I often come across interesting images or thought-provoking data that I want to share with our community, but may not dictate 1,000+ words on the subject. Today, I want to launch a new series that explores these fun-facts in more bite-sized pieces. Click the image above for an expanded view.
How do we measure the world? Thinking only in terms of landmass or population can distort investment decisions. Directly comparing the markets of nations produces some surprising results. Measures such as population, gross domestic product, or exports do not directly indicate the size or suitability of investments in a market.
This cartogram illustrates the balance of equity investment opportunities around the world. The size of each country has been adjusted to reflect its total relative capitalization1. Ultimately, this illustrates how the world market cap breaks down.
Of course, the world is in motion—there is no fixed relationship between markets, and their proportion can change over time. Viewing the world this way brings the scope of diversification into new light and helps clarify allocation decisions.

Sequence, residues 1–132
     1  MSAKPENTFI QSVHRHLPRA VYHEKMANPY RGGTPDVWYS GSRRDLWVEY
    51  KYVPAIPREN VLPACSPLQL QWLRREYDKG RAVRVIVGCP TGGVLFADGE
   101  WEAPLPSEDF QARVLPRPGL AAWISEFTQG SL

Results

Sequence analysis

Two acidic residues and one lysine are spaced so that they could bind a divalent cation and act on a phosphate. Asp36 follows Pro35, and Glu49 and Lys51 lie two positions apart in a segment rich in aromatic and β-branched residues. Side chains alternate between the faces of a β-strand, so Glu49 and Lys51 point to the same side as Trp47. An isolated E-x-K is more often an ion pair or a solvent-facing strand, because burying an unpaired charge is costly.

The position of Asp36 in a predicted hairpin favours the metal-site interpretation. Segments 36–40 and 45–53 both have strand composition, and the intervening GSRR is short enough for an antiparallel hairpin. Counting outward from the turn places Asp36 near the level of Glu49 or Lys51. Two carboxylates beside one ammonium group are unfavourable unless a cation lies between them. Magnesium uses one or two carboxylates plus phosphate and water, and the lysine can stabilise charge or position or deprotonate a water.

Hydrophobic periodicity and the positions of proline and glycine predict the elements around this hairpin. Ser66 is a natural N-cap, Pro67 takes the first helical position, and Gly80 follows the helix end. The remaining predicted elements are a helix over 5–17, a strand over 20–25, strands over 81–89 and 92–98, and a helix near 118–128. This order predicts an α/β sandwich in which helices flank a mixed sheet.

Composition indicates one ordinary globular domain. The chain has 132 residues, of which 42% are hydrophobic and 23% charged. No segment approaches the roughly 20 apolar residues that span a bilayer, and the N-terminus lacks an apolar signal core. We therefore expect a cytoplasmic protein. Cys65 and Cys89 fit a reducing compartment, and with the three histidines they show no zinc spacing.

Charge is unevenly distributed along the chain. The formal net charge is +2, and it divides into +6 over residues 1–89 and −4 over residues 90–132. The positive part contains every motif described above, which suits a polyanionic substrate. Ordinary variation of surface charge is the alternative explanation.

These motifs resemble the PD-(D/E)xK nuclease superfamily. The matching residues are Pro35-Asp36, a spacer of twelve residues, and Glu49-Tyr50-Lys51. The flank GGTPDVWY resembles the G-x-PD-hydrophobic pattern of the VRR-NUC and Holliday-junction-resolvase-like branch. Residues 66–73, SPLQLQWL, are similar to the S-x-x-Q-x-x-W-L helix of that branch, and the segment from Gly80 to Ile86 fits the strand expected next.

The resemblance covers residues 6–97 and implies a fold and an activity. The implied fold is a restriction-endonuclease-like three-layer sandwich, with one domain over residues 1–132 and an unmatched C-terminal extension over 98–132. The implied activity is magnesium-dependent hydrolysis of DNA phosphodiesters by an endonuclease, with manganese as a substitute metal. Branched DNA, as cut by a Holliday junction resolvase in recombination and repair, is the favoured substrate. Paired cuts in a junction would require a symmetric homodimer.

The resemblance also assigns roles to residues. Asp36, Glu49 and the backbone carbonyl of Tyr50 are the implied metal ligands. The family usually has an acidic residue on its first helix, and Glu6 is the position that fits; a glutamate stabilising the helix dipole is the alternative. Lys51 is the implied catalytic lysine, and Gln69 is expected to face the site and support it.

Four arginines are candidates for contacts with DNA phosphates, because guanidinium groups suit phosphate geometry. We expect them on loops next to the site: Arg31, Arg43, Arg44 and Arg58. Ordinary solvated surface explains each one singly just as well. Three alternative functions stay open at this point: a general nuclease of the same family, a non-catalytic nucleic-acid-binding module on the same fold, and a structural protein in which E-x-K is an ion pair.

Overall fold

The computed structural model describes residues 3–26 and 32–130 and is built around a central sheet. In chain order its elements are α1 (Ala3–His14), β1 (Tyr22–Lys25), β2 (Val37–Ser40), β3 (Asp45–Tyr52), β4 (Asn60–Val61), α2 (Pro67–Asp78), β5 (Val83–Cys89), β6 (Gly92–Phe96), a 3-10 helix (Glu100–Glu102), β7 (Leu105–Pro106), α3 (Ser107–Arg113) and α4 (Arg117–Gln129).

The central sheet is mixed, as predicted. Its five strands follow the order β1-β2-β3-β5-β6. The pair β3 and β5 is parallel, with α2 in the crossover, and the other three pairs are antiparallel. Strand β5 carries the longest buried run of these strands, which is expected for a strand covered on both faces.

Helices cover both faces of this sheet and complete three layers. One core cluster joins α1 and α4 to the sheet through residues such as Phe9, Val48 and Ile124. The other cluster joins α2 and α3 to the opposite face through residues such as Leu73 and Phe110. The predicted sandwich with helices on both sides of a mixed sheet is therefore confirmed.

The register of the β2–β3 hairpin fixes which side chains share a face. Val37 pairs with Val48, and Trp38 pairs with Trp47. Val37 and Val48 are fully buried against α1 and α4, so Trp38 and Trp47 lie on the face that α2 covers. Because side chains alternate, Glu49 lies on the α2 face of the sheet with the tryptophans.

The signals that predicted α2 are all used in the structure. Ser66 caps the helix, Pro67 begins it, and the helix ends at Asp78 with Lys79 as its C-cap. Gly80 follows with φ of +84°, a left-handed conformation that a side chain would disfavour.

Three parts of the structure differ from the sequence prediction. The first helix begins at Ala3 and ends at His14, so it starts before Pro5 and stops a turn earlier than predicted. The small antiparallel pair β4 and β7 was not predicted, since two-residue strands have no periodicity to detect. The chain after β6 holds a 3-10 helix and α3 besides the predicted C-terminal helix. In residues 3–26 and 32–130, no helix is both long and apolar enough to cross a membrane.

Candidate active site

Despite the impressive performance of domestic stocks in recent years, focusing all of your investments at home ignores about half of the equity opportunities of the market. So far, in 2017, markets outside the United States have fared quite well. In fact, when comparing the indexes of domestic stock markets with that of developed and emerging international markets, the U.S. is currently the laggard2.
I went deep on diversification a few months ago. Most investors benefit from a diversified portfolio when it comes to saving for goals like retirement. We’re happy to talk to you about simple moves you can make to better position your assets for your goals.
1A country’s equity market capitalization, or market cap, reflects the total value of shares issued by all publicly traded companies and is calculated as share price times the number of shares outstanding.
2Source: Morningstar, as of 2/22/17. Indicies compared are the S&P 500 index, MSCI ACWI ex USA index, and MSCI Emerging Markets Index.
Once you determine that it might be time to work with a financial advisor, it’s important to find the right advisor for you and your family. We’ve put together a guide of questions that are essential to ask an advisor before you hire them.
Don’t make a mistake by working with the wrong financial advisor. Ask the right questions the first time to determine if a financial advisor is right for you.